Endoscopic evaluation of the esophagus after catheter ablation of atrial fibrillation using contiguous and optimized radiofrequency applications

Michael Wolf*, Milad El Haddad, Vincent De Wilde, Thomas Phlips, Jan De Pooter, Alexandre Almorad, Teresa Strisciuglio, Yves Vandekerckhove, Rene Tavernier, Harry J. Crijns, Sebastien Knecht, Mattias Duytschaever

*Corresponding author for this work

Research output: Contribution to journalArticleAcademicpeer-review


BACKGROUND The incidence of endoscopically detected esophageal lesions after pulmonary vein isolation (PVI) is as high as 18%. Intraesophageal temperature rise (ITR) during ablation is a predictor of esophageal injury.

OBJECTIVE The purpose of this study was to describe an ablation strategy aiming to enclose the pulmonary veins with contiguous, stable, and optimized radiofrequency applications (referred to as CLOSE-PVI). We evaluated esophageal and periesophageal injury with endoscopy in patients revealing ITR during CLOSE-PVI.

METHODS Eighty-five patients with ITR during CLOSE-PVI underwent endoscopy of the esophagus (with ultrasound in 38 patients). PVI consisted of contact force (CF)-guided encircling of the veins using 35-W applications, respecting strict criteria of intertag distance (38.5 degrees C).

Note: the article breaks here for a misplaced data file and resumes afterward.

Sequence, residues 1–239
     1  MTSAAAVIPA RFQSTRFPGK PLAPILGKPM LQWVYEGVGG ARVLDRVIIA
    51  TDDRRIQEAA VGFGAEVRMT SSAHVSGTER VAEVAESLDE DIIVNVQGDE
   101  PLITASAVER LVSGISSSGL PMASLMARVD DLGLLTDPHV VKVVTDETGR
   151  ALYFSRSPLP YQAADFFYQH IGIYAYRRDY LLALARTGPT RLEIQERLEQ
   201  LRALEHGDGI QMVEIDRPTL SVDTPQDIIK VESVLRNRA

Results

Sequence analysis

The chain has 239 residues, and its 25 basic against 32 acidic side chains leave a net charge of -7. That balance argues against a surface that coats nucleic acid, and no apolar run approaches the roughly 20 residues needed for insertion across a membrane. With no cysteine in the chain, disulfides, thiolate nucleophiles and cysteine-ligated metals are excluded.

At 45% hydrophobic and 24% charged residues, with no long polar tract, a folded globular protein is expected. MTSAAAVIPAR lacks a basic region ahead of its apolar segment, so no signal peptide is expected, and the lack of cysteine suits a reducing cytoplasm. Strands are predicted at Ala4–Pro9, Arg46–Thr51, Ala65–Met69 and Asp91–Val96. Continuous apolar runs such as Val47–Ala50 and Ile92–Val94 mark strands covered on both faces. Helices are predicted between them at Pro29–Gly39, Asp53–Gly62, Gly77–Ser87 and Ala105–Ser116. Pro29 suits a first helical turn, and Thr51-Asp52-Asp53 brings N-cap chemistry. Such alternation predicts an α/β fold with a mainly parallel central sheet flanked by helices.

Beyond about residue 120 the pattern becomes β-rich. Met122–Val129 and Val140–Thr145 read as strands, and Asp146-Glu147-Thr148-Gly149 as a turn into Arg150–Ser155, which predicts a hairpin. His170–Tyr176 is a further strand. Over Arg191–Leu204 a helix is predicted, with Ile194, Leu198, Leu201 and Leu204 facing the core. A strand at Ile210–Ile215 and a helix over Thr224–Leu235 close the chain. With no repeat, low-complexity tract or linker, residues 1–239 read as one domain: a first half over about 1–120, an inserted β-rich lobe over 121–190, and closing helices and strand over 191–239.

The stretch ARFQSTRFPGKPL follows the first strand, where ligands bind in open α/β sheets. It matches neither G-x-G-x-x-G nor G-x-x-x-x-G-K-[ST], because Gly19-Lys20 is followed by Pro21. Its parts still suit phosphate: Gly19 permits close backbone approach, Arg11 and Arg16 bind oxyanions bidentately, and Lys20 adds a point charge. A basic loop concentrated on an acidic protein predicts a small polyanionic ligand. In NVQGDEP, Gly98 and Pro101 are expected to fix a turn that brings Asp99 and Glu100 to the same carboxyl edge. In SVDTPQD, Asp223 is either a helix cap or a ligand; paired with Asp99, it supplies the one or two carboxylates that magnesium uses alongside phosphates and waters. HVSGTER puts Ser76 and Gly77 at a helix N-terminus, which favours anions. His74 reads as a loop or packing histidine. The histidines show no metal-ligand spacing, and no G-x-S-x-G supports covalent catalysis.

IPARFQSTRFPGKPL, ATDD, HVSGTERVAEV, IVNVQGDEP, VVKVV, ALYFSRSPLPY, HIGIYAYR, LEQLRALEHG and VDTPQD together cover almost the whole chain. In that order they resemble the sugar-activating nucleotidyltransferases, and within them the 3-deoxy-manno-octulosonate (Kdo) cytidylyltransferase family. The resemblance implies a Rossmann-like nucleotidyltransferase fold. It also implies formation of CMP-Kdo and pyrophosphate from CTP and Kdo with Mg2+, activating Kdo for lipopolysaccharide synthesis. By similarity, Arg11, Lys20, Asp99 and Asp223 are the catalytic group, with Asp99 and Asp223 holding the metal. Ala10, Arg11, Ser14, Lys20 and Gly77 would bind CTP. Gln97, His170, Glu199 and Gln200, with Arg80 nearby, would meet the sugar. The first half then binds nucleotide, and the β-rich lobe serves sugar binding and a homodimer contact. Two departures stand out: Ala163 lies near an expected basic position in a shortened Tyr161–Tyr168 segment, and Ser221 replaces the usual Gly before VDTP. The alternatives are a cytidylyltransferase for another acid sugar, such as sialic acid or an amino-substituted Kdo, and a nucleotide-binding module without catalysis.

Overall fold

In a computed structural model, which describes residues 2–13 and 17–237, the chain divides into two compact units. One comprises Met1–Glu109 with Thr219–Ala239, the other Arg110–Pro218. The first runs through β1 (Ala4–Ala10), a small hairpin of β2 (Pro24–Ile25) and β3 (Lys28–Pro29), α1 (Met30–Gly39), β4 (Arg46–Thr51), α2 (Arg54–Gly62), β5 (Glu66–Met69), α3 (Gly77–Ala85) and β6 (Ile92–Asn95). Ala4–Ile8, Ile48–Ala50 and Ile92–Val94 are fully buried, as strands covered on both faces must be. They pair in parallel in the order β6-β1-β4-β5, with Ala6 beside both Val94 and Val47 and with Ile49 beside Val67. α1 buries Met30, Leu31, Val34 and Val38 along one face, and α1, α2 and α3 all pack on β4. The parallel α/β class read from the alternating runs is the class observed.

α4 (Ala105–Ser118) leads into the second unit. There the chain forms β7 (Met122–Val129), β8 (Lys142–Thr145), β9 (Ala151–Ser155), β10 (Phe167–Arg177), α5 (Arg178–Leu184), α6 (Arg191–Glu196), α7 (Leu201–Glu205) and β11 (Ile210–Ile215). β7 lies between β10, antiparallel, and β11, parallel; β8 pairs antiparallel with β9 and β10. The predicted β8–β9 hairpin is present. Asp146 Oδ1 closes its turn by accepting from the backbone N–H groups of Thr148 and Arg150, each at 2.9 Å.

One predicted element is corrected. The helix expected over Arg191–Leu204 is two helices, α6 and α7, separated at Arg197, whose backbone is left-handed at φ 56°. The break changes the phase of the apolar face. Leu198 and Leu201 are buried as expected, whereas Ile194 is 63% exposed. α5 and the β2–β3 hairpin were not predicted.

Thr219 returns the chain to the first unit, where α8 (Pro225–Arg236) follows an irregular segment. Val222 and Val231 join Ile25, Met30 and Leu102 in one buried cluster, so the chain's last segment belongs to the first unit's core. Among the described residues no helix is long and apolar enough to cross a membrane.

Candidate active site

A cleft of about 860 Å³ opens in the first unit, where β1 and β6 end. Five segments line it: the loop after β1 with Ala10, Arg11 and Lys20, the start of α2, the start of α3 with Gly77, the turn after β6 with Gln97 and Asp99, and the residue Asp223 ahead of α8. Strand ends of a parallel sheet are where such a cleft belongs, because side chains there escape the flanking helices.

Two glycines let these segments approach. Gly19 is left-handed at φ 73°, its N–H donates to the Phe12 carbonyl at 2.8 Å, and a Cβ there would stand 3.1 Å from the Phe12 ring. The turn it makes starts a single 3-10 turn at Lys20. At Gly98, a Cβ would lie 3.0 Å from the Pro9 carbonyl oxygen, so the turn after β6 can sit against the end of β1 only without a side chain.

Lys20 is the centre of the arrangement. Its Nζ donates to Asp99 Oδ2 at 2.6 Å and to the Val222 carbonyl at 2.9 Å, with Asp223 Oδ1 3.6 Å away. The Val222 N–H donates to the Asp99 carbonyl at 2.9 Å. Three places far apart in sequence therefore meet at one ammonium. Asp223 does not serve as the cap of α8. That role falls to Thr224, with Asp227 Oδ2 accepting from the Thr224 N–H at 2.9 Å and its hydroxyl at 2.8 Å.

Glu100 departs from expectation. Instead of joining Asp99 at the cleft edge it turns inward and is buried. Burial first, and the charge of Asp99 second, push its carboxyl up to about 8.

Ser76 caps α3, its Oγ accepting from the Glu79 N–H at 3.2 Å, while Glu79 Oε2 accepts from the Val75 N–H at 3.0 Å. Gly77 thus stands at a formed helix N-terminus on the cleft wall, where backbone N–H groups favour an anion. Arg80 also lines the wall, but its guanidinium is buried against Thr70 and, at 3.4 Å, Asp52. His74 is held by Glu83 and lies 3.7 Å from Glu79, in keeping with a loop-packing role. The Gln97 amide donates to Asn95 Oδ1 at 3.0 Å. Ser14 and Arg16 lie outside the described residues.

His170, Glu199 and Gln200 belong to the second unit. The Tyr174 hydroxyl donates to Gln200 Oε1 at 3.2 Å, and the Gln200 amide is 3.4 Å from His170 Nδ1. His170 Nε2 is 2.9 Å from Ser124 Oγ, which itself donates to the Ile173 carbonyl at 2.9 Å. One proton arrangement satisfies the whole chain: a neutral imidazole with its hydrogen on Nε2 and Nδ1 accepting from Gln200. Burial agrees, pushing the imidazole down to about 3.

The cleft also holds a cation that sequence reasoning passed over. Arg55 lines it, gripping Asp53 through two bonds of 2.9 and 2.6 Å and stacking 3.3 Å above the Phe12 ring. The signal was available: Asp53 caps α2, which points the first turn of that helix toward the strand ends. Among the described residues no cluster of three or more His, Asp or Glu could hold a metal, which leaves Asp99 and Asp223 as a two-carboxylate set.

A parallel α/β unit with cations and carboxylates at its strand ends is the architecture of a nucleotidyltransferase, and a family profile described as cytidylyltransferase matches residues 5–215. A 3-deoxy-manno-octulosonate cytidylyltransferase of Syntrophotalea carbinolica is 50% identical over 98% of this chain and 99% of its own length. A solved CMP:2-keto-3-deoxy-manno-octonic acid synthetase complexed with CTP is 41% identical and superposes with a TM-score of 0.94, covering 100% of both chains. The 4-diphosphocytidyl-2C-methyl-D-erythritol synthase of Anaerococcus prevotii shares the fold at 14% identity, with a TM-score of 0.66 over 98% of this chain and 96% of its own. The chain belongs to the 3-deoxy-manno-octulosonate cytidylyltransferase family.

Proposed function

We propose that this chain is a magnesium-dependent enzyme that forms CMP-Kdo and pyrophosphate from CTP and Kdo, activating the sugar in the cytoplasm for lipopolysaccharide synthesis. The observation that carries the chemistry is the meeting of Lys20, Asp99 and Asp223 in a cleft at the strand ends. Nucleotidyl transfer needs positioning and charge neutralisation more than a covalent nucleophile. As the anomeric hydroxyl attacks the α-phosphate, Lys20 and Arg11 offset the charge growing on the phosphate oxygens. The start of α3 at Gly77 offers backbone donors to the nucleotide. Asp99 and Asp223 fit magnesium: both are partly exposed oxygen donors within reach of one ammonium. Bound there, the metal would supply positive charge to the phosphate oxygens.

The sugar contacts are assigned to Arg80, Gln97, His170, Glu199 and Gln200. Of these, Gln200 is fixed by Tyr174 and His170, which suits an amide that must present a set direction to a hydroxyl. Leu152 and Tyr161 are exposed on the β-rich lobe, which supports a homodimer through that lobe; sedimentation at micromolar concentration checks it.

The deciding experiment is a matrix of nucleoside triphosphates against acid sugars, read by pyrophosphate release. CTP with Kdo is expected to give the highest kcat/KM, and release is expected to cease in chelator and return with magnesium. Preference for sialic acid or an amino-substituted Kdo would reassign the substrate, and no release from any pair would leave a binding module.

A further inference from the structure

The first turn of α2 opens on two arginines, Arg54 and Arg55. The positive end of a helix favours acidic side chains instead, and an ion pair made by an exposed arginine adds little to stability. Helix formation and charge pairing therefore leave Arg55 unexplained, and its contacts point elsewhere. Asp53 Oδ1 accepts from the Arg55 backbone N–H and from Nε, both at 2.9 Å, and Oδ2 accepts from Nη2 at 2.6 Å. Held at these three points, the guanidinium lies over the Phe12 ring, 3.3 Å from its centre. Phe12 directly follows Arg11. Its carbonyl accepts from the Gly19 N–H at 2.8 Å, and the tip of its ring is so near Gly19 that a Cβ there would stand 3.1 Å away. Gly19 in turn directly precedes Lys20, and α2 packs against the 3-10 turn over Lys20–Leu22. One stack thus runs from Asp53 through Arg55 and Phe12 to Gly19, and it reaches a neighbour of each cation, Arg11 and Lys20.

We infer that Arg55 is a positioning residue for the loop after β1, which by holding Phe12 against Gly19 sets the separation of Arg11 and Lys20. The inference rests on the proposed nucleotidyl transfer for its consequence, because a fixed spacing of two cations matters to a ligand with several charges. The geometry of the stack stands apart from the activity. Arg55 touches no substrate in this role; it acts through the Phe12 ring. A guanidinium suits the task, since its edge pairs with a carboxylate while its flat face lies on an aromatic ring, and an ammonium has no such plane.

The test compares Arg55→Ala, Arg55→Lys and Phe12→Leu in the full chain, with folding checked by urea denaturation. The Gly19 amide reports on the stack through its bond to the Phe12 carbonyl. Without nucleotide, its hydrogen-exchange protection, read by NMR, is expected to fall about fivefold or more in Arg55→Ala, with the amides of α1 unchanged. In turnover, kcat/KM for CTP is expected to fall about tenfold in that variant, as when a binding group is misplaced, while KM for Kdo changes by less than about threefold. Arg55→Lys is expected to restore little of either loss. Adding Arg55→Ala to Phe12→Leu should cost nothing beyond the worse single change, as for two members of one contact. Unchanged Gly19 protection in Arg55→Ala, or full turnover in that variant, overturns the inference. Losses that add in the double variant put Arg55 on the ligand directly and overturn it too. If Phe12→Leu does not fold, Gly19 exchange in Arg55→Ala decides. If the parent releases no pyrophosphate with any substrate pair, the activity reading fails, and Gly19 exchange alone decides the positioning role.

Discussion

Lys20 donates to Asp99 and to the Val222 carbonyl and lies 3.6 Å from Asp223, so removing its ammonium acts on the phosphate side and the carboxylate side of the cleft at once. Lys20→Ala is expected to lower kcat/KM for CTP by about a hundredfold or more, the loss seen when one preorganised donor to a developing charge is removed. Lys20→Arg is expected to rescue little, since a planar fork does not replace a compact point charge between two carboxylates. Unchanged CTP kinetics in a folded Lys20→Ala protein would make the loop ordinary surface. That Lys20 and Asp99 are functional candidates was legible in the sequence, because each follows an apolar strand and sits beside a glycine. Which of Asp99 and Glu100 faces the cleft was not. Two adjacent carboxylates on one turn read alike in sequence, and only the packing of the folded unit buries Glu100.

RESULTS Endoscopy was performed 9 +/- 4 days after PVI. At the posterior wall, median power was 35 W [interquartile range (IQR) 35-35], application time 18 +/- 5 seconds, CF 13 +/- 6g, and AI 403 +/- 38 au. A median of 5 applications [IQR 4-7] per patient over a length of 21.8 +/- 6.8 mm resulted in ITR >38.5 degrees C (median 39.9 degrees C, IQR 39.2 degrees C-41.2 degrees C, range 38.6 degrees C-50.0 degrees C). For these applications, median power was 35 W [IQR 30-35], application time 14 +/- 3 seconds, CF 12 +/- 5g, and AI 351 +/- 38 au. The incidence of esophageal erythema/erosion on endoscopy was 1 of 85 (1.2%) and of ulceration was 0 of 85 (0%). The incidence of mediastinal or esophageal injury on ultrasound was 0 of 38 (0%).

CONCLUSION The occurrence of esophageal or periesophageal injury after CLOSE-PVI is markedly low (1.2%). Absence of esophageal ulceration in patients with ITR suggests that this strategy of delivering contiguous, relatively high-power, and short-duration radiofrequency applications at the posterior wall is safe.

Original languageEnglish
Pages (from-to)1013-1020
Number of pages8
JournalHeart Rhythm
Issue number7
Publication statusPublished - Jul 2019


  • Ablation index
  • Atrial fibrillation
  • Atrioesophageal fistula
  • Esophageal injury
  • High-power short-duration radiofrequency applications
  • Pulmonary vein isolation
  • RISK
  • TIME


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